Low generation anionic dendrimers modulate islet amyloid polypeptide self-assembly and inhibit pancreatic β-cell toxicity†
The deposition of the islet amyloid polypeptide (IAPP) as insoluble amyloid fibrils in the pancreatic islets is associated with type II diabetes. Recent studies have revealed that pre-fibrillar proteospecies and/or the amyloidogenic process mediate β-cell degeneration whereas amyloid fibrils are poorly cytotoxic. Thus, therapeutic strategies that aim at preventing β-cell death associated with amyloid deposition should either sequester prefibrillar species and/or modulate the initial steps of fibrillization. In this view, low generation flexible dendritic scaffolds harboring 4 to 16 hydroxyl, amine, carboxylate or sulfate functional groups were designed and evaluated for their effects on IAPP self-assembly and cytotoxicity. Whereas neutral polyhydroxylated and polycationic dendrimers did not affect the kinetics of amyloid assembly, carboxylated dendrimers accelerated IAPP fibrillization proportionally to surface group density. Interestingly, as revealed by thioflavin T fluorescence, circular dichroism spectroscopy and atomic force microscopy, the G0 sulfated dendrimer inhibited amyloid formation by maintaining the peptide in a random coil conformation. In contrast, G1 sulfated dendrimers potentiated IAPP self-assembly into long amyloid fibrils by a scaffold-based mechanism. Anionic dendrimers attenuated IAPP-induced toxicity on pancreatic β-cells. Our results indicate that sulfated dendrimers can alter the fibrillization pathway of IAPP and inhibit its proteotoxicity, either by accelerating amyloid formation or by trapping the peptide in a non-aggregating and non-toxic state. This study offers novel mechanistic insights for the design of a nanomolecular scaffold to manipulate the self-assembly of natively disordered amyloidogenic peptides.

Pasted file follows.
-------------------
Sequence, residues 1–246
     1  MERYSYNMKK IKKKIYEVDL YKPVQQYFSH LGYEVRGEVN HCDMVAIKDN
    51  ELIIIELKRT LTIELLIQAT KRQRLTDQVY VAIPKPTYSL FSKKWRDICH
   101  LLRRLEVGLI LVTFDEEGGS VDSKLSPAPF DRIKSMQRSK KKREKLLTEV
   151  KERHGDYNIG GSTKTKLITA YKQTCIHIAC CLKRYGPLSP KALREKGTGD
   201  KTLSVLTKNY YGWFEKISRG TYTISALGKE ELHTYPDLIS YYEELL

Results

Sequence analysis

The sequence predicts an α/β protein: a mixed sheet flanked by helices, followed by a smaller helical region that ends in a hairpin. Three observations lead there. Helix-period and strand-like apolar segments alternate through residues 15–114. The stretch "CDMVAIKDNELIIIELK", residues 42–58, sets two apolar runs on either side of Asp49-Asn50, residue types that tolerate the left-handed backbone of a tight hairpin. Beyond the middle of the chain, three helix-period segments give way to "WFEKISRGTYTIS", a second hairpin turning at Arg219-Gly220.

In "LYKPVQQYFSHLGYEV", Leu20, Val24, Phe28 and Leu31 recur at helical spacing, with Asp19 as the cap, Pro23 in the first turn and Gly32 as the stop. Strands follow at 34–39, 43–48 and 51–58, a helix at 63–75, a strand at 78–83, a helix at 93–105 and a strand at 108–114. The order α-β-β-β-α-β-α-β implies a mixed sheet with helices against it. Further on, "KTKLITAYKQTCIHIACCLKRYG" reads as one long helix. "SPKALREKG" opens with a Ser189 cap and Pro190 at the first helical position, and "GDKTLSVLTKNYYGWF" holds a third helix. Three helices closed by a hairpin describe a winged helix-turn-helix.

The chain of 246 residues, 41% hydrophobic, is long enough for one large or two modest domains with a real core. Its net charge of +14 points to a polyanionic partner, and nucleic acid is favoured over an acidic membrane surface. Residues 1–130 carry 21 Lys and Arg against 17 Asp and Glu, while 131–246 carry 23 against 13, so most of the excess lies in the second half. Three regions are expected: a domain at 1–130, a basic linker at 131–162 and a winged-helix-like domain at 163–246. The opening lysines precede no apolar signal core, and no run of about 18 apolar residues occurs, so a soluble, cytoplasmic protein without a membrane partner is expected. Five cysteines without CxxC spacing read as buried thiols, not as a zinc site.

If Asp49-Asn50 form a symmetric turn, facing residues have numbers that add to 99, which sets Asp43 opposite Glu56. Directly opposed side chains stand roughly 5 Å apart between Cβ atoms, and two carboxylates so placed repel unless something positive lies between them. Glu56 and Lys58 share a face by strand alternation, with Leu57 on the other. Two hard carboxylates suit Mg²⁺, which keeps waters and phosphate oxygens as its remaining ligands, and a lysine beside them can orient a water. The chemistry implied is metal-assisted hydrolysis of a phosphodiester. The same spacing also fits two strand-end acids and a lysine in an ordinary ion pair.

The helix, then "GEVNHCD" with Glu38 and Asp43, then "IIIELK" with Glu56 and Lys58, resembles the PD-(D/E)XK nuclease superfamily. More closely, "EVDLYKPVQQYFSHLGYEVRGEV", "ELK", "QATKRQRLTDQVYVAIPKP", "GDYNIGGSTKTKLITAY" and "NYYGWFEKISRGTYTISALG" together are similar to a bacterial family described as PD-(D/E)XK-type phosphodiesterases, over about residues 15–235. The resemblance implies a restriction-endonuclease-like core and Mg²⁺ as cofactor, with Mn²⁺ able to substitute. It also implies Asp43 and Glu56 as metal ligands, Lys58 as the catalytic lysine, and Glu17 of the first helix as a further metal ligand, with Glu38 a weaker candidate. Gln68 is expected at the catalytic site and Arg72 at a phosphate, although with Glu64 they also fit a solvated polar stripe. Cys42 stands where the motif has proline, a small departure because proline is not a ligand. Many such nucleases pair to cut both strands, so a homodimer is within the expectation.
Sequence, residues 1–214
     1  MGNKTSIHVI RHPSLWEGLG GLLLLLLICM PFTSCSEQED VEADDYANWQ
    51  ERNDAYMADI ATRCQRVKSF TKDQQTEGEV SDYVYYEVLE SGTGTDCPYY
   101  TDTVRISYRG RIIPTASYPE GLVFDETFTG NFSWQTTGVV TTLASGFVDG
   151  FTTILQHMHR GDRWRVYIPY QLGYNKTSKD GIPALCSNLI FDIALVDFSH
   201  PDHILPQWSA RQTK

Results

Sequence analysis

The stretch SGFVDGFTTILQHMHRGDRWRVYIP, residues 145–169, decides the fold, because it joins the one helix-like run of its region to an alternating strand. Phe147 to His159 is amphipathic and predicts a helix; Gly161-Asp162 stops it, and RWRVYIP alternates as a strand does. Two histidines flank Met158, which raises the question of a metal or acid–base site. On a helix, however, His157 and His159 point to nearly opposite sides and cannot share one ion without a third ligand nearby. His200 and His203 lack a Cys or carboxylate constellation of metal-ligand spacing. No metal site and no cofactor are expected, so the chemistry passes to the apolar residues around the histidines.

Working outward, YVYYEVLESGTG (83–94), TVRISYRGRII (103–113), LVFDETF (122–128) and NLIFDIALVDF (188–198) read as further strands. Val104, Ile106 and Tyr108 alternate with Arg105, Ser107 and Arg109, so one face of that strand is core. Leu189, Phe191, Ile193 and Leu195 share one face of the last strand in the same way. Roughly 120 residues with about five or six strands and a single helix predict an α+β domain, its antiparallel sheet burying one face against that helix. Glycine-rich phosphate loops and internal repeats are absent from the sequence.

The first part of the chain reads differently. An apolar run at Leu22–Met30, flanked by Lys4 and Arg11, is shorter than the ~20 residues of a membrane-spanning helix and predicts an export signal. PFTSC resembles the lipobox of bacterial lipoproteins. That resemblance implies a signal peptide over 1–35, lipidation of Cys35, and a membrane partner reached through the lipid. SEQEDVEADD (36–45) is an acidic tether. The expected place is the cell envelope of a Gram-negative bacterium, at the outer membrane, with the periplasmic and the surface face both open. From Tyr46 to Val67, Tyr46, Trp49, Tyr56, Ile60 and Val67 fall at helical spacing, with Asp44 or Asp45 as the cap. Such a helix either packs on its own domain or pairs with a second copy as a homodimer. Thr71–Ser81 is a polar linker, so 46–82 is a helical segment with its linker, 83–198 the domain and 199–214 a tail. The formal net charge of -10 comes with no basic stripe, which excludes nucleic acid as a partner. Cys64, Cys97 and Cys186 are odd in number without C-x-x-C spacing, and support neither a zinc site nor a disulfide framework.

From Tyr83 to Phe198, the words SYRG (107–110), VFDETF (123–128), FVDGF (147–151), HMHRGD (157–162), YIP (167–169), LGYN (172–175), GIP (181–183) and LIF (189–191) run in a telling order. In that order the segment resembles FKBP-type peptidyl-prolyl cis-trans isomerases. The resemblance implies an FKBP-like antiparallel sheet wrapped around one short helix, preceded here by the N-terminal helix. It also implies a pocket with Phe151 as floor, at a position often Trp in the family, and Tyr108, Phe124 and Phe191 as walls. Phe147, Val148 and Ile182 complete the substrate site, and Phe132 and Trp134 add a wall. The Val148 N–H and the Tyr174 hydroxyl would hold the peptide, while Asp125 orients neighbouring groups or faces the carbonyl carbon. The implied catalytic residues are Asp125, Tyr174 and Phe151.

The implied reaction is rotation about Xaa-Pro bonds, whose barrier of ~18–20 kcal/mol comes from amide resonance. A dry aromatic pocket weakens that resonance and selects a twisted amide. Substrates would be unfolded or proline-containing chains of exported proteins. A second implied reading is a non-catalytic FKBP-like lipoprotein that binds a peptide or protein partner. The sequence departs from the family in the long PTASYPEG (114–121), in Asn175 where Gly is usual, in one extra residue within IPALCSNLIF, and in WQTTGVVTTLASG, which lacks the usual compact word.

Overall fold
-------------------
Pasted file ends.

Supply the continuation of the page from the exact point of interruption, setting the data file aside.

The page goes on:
- This article is part of the themed collection: Towards understanding and treating Alzheimer’s disease